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Hartford Casualty Insurance Co. v. Gelshenen

United States District Court, W.D. North Carolina, Charlotte Division

May 6, 2019

HARTFORD CASUALTY INSURANCE COMPANY, Plaintiff,
v.
JOHN J GELSHENEN JR. DAVIS & GELSHENEN, LLP, Defendants.

          ORDER

          Max O. Cogburn, United States District Judge.

         THIS MATTER is before the Court on Hartford's Motion for Judgment on the Pleadings. Having considered Hartford's motion and reviewed the pleadings, the Court will grant the motion and dismiss this action.

         I. Background

         A. The Underlying Action

         In 2016, Defendants Davis & Gelshenen, LLP and John J. Gelshenen, Jr. (collectively, “Gelshenen”), a personal injury lawyer and firm, were named as defendants in a single-count putative class-action lawsuit, Hatch v. Demayo, No. 1:16-CV-925, 2017 WL 4357447, at *1 (M.D. N.C. Sept. 29, 2017) (the “Underlying Action”). The plaintiffs, drivers who had been involved in automobile accidents in North Carolina, alleged that the defendants, including Gelshenen, violated the federal Driver's Privacy Protection Act (“DPPA”), 18 U.S.C. §§ 2721- 2725 (2012), by obtaining plaintiffs' names and addresses from copies of official accident reports maintained by the State of North Carolina and using that information to mail legal advertisements to plaintiffs.[1]

         B. The Present Action

         Gelshenen tendered defense of the Underlying Action to Plaintiff Hartford Casualty Insurance Company (“Hartford”) under a series of business liability insurance policies (the “Policies”)[2] that Gelshenen purchased from Hartford. The Policies generally provide that Hartford would defend and indemnify Gelshenen against damages for personal and advertising injuries that Gelshenen became legally obligated to pay. Hartford denies that it owes Gelshenen any duty to defend or indemnify the Underlying Action because the DPPA claim asserted in that action falls under two different exclusionary provisions in the Policies.

         The first provision excludes coverage for personal and advertising injury arising out of the violation of a right of privacy created by a federal statute, such as the DPPA (the “Privacy Exclusion”). The second provision excludes coverage for personal and advertising injury arising from the alleged violation of a statute that limits the communication or distribution of material or information, such as the DPPA (the “Communication Exclusion”). Because an alleged violation of the DPPA falls squarely within the plain language of both of these exclusions, and because the only claim asserted in the Underlying Action is based on the DPPA, Hartford has no duty to defend Gelshenen in the Underlying Action. See Hartford Cas. Ins. Co. v. Greve, No. 3:17-CV-183, 2017 WL 5557669 (W.D. N.C. Nov. 17, 2017) (finding that the underlying DPPA actions fell squarely within both policy exclusions, granting Hartford's Fed.R.Civ.P. 12(c) motion for judgment on the pleadings, and entering a declaratory judgment in favor of Hartford), aff'd, 742 Fed.Appx. 738, 741 (4th Cir. 2018).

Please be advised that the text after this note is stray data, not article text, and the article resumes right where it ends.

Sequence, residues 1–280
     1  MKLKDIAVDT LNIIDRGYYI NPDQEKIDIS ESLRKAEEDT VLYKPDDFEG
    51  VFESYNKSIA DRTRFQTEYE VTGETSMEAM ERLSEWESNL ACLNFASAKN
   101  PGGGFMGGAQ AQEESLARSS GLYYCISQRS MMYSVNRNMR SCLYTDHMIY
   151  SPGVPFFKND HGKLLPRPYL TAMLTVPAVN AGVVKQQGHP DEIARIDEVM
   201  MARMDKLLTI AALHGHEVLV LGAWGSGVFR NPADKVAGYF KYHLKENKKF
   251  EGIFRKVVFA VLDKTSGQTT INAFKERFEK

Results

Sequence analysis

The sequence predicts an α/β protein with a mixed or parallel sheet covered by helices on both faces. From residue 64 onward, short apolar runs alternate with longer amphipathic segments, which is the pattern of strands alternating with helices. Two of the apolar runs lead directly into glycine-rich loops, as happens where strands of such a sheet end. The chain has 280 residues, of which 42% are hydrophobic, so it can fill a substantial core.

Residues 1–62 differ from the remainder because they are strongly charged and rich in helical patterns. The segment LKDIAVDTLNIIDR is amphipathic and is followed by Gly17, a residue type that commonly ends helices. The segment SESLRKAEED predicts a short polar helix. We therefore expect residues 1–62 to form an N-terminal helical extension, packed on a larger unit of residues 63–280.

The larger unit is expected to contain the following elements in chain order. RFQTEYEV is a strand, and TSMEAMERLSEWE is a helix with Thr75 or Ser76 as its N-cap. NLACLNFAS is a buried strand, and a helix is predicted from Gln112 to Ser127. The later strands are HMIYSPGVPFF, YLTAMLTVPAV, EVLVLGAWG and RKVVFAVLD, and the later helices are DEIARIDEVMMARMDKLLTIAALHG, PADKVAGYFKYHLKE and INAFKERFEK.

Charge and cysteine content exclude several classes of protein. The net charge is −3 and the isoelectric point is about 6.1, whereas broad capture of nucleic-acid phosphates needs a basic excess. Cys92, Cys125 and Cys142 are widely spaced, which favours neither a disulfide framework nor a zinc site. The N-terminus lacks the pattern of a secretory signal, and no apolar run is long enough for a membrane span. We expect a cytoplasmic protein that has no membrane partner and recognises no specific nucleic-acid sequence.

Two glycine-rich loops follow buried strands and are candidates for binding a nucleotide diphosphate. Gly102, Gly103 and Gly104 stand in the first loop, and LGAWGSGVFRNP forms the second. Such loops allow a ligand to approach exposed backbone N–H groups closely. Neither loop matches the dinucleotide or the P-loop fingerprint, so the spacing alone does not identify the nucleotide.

II. Standard for Judgment on the Pleadings

         Federal Rule of Civil Procedure 12(c) provides that “[a]fter the pleadings are closed but within such time as not to delay the trial, any party may move for judgment on the pleadings.” In resolving a motion for judgment on the pleadings, the court must accept the non-movant's factual statements as true and draw all reasonable inferences in his favor. Bradley v. Ramsey, 329 F.Supp.2d 617, 622 (W.D. N.C. 2004); Atwater v. Nortel Networks, Inc., 394 F.Supp.2d 730, 731 (M.D. N.C. 2005). Judgment on the pleadings is warranted where the undisputed facts demonstrate that the moving party is entitled to judgment as a matter of law. Bradley, 329 F.Supp.2d at 622. The standard is similar to that used in ruling on a Rule 12(b)(6) motion, “with the key difference being that on a 12(c) motion, the court is to consider the answer as well as the complaint.” Continental Cleaning Serv. v. United Parcel Serv., Inc., 1999 WL 1939249, at *1 (M.D. N.C. April 13, 1999) (internal citations omitted).

         In resolving a motion for judgment on the pleadings, the court may rely on admitted facts in the pleadings, documents attached to the pleadings, and facts contained in materials of which the court may take judicial notice. Bradley, 329 F.Supp.2d at 622 (noting the court should consider documents attached to the pleadings); Hebert Abstract Co. v. Touchstone Prop., Ltd., 914 F.2d 74, 76 (5th Cir. 1990) (holding the court should consider pleadings and judicially noticed facts). Where an instrument is “integral to and explicitly relied upon in the complaint, ” the instrument itself should be considered along with the factual allegations of the complaint and answer. Colin v. Marconi Commerce Sys. Emps.' Retirement Plan, 335 F.Supp.2d 590, 596 (M.D. N.C. 2004) (insurance policy at issue).

         III. Discussion

         A. Insurer's Duty to Defend

         Under North Carolina law, “[a]n insurer's duty to defend is ordinarily measured by the facts as alleged in the pleadings.... When the pleadings state facts demonstrating that the alleged injury is covered by the policy, then the insurer has a duty to defend, whether or not the insured is ultimately liable.” Waste Mgmt. of Carolinas, Inc. v. Peerless Ins. Co., 315 N.C. 688, 691 (1986); see also Firemen's Ins. Co. of Washington D.C. v. Glen-Tree Investments, LLC, 2012 WL 4191383, at *5 (E.D. N.C. Sept. 19, 2012) (“An insurer has a duty to defend when pleadings allege facts that impose upon an insured a liability covered by the policy.”). “Conversely, when the pleadings allege ...


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